bal·​last | \ ˈba-ləst How to pronounce ballast (audio) \

Definition of ballast

 (Entry 1 of 2)

1 : a heavy substance (such as rocks or water) placed in such a way as to improve stability and control (as of the draft of a ship or the buoyancy of a balloon or submarine) tossed several tons of ballast overboard
2 : something that gives stability (as in character or conduct) She provided the ballast we needed during stressful times.
3 : gravel or broken stone laid in a railroad bed or used in making concrete
4 : a device used to provide the starting voltage or to stabilize the current in a circuit (as of a fluorescent lamp)
in ballast
of a ship : having only ballast for a load


ballasted; ballasting; ballasts

Definition of ballast (Entry 2 of 2)

transitive verb

1 : to steady or equip with or as if with ballast They ballast the canoe with large rocks.
2 : to fill in (something, such as a railroad bed) with ballast (see ballast entry 1 sense 3)

Examples of ballast in a Sentence

Recent Examples on the Web: Noun The company said that high-capacity pumps would begin to pump water from the vessel's ballast tanks. Vivian Yee New York Times, Star Tribune, "Big container ship stuck in Suez Canal is 'a very big problem'," 27 Mar. 2021 However the finances do rely on bigger longer-term decisions, particularly whether a superstar trade emerges in the summer with Wiggins’ salary as the ballast. Patrick Murray, Forbes, "Should The Golden State Warriors Target Aaron Gordon At The NBA Trade Deadline?," 21 Mar. 2021 Crews were unable to reach equipment to stop the flooding in time, and the ballast tanks failed to work properly. Kyle Mizokami, Popular Mechanics, "Why Did the USS Thresher Sink? New Declassified Documents Reveal the Truth," 17 Mar. 2021 The Wake makes a predictably small wave compared with the splash of a six-figure boat with ballast tanks. Eric Tingwall, Car and Driver, "Yamaha WaveRunners and Sea-Doo Wake Ride the Wave," 17 Mar. 2021 Ian Oviatt said the ship lacked enough water in its ballast tanks, used to add weight at the bottom of a vessel, to offset that of the vehicles in the cargo decks above. Russ Bynum, Star Tribune, "Crews remove 3rd giant chunk of shipwreck off Georgia coast," 16 Mar. 2021 Originating from Eurasia, these mussels were first introduced in the 1990s when ballast water was emptied into the Great Lakes. Sarah Bowman, The Indianapolis Star, "Here are 5 of the most harmful invasive animals and insects wreaking havoc in Indiana," 15 Mar. 2021 So that leaves a limited selection, even if Meyers Leonard’s salary is utilized as cap-matching ballast. Ira Winderman,, "ASK IRA: Why should Heat want LaMarcus Aldridge if Spurs don’t?," 12 Mar. 2021 They were found in the Great Lakes in the late 1980s, likely having traveled over in freighter ballast tanks. Laura Schulte, Milwaukee Journal Sentinel, "Make sure to check your moss balls: Invasive zebra mussels hitch a ride to Wisconsin inside popular aquarium plant," 10 Mar. 2021 Recent Examples on the Web: Verb The species, which grows to 6 feet long and weighs up to 220 pounds, was prized for its swim bladder, or maw, an organ that helps ballast the animal. Adam Elder, Wired, "How a Pudgy Porpoise May Save Other Animals From Extinction," 16 Apr. 2020 Amid that debate, the role of the editorial board is to provide Times readers with a long-range view formed not by one person’s expertise and experience but ballasted by certain institutional values that have evolved across more than 150 years. New York Times, "What Is an Editorial Board?," 13 Jan. 2020 Some of that freshness comes from the cast, a cornucopia of effervescent young talent ballasted by a handful of doughty old-timers. New York Times, "‘Little Women’ Review: This Movie Is Big," 23 Dec. 2019 Gillis said the new bridge will be ballasted, rather than fixed. Mary Wisniewski,, "Metra awarded $17.8 million in federal funds to rebuild Irving Park rail bridge," 21 Aug. 2019 Green Bay’s unbalanced and condensed formations, presnap motions, first-down play-actions and intertwined route combinations play to Rodger’s sharp football IQ, ballasting his reads and timing. Andy Benoit,, "Aaron Rodgers, Packers’ Offense Primed to Thrive Under New Head Coach Matt LaFleur," 23 July 2019 Roughly a third of the structure is submerged and ballasted by 5,000 tons of iron ore. Michael J. Coren, Quartz, "Floating wind farms just became a serious business," 22 June 2019 The subs are built from a variety of materials, but primarily plastics, carbon fiber, and other composites, with a few metal components and some weights to ballast the vessel. Jay Bennett, Popular Mechanics, "The Preposterous World of Human-Powered Submarine Racing," 9 Aug. 2017 Seawater ballasts help with stability and the horizontal surface is layered in solar panels and antennas. Bill Monroe,, "Oregon tag holders asked/required to report hunting, fishing results," 11 Jan. 2018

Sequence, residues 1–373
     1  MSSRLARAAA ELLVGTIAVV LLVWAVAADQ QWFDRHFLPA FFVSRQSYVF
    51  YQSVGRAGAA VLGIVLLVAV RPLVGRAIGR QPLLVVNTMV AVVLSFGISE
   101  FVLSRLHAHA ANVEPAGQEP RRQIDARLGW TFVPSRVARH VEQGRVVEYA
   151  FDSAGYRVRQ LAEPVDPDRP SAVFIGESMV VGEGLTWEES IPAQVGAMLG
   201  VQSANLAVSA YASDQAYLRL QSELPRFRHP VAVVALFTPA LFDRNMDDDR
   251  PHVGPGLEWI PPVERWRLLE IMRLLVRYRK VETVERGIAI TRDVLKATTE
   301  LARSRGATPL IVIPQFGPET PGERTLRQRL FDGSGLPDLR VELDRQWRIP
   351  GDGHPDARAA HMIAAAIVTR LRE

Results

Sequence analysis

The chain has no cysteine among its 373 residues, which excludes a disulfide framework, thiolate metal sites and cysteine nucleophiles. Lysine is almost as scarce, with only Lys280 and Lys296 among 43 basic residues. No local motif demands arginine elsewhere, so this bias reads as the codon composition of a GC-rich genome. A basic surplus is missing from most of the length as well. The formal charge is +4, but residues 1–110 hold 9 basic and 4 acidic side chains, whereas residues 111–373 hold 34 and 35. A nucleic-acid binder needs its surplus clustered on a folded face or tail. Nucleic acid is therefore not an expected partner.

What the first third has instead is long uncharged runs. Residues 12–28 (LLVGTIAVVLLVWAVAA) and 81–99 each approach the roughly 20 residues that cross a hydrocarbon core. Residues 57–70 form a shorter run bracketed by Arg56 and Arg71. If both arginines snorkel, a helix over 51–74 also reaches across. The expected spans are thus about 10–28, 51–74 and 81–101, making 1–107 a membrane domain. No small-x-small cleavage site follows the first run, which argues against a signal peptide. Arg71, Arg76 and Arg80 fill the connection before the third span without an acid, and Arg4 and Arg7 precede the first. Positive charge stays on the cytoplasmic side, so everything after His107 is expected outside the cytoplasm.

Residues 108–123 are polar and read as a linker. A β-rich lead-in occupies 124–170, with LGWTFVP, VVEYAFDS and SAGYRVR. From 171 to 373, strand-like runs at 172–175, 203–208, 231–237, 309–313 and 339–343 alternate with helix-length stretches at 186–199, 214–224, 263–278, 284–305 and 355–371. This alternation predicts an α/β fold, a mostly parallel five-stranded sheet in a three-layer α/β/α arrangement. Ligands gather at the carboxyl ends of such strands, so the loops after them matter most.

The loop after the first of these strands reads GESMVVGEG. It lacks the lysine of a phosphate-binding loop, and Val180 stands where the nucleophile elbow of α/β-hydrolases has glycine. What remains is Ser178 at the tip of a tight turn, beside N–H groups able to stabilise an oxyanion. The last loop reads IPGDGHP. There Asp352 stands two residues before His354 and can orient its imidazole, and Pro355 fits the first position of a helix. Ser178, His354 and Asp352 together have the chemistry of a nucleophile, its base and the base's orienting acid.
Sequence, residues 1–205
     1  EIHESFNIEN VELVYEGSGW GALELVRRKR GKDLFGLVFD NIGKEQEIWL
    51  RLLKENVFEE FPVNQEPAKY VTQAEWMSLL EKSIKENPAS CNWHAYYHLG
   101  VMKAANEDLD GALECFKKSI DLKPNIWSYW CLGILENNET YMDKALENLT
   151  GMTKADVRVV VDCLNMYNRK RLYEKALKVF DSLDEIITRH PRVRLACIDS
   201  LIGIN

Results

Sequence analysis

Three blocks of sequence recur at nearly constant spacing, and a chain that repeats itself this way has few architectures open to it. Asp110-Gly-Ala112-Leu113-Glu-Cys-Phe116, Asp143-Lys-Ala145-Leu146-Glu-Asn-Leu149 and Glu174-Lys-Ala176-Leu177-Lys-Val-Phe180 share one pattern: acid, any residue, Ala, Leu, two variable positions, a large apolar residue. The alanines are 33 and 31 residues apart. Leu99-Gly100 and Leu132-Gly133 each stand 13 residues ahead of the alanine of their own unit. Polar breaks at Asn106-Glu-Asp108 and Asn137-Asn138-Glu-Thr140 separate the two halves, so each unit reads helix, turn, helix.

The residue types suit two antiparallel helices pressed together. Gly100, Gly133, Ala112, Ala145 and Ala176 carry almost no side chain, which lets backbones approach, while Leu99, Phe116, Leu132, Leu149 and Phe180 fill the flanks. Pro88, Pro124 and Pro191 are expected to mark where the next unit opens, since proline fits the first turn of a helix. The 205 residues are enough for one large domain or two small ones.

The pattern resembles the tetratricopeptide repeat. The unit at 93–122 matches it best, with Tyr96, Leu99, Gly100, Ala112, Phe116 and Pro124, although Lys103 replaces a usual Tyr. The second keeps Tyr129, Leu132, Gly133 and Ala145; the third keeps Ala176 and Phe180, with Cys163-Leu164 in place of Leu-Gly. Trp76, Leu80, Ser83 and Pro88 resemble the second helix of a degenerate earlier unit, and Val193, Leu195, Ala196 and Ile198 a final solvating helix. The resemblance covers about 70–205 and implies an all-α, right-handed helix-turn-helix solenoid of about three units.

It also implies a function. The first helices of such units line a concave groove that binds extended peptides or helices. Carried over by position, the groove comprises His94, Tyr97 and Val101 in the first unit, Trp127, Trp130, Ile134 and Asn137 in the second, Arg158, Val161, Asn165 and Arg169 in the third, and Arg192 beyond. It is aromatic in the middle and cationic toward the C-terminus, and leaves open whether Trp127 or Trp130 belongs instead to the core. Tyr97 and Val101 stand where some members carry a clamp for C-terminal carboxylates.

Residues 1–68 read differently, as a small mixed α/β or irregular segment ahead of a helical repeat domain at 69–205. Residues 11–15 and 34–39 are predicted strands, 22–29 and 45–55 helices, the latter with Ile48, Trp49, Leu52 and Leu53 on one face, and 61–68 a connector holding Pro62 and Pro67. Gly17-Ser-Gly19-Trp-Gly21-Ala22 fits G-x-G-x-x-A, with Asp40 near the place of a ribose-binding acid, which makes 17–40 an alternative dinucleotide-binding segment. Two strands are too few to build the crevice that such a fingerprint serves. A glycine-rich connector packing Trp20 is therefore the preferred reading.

These example sentences are selected automatically from various online news sources to reflect current usage of the word 'ballast.' Views expressed in the examples do not represent the opinion of Merriam-Webster or its editors. Send us feedback.

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First Known Use of ballast


15th century, in the meaning defined at sense 1


1538, in the meaning defined at sense 1

History and Etymology for ballast

Noun and Verb

probably from Low German, of Scandinavian origin; akin to Danish & Swedish barlast ballast; perhaps akin to Old English bær bare & to Old English hlæst load, hladan to load — more at lade

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Time Traveler for ballast

Time Traveler

The first known use of ballast was in the 15th century

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Statistics for ballast

Last Updated

8 Apr 2021

Cite this Entry

“Ballast.” Dictionary, Merriam-Webster, Accessed 10 Apr. 2021.

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More Definitions for ballast



English Language Learners Definition of ballast

: heavy material (such as rocks or water) that is put on a ship to make it steady or on a balloon to control its height in the air


bal·​last | \ ˈba-ləst How to pronounce ballast (audio) \

Kids Definition of ballast

1 : heavy material used to make a ship steady or to control the rising of a balloon
2 : gravel or broken stone laid in a foundation for a railroad or used in making concrete